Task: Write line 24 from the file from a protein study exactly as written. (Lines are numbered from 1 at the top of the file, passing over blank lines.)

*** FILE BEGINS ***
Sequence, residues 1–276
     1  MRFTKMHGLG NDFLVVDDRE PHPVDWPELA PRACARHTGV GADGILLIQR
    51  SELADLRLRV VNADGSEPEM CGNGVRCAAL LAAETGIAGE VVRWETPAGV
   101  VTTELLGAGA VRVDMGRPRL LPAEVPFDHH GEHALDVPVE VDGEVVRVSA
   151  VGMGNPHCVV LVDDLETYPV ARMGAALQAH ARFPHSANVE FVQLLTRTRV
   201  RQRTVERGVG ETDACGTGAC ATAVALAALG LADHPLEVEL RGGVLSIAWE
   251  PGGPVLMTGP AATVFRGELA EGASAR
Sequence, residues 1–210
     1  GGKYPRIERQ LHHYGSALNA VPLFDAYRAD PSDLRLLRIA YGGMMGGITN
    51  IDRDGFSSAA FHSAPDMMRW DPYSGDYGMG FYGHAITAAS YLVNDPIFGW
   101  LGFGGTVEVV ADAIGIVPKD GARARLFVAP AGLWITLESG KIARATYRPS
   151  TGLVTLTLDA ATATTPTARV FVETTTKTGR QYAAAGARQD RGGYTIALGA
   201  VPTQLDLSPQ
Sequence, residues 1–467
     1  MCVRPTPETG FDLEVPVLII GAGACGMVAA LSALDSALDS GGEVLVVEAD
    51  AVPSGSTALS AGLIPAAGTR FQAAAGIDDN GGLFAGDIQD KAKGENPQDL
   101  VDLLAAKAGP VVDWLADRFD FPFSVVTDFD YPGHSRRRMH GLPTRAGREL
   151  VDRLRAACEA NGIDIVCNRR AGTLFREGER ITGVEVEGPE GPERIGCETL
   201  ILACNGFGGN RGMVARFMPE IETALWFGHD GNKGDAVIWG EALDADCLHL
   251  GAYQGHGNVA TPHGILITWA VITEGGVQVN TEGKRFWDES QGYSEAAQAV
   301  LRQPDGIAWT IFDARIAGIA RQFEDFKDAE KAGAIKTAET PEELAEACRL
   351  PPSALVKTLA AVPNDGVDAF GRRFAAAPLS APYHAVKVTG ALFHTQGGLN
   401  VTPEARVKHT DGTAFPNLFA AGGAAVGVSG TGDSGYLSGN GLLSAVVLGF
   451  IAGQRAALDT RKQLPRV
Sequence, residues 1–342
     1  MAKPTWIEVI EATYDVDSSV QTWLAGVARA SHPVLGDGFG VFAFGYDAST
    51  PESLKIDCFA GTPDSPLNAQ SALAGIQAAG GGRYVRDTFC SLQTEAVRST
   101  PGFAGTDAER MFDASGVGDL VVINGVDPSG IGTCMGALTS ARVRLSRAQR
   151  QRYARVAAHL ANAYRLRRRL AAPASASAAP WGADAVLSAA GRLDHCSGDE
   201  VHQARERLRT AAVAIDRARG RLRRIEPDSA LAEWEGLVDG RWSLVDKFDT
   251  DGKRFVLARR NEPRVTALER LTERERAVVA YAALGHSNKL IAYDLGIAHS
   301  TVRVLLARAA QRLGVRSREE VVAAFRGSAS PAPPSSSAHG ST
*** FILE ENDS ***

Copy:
   451  IAGQRAALDT RKQLPRV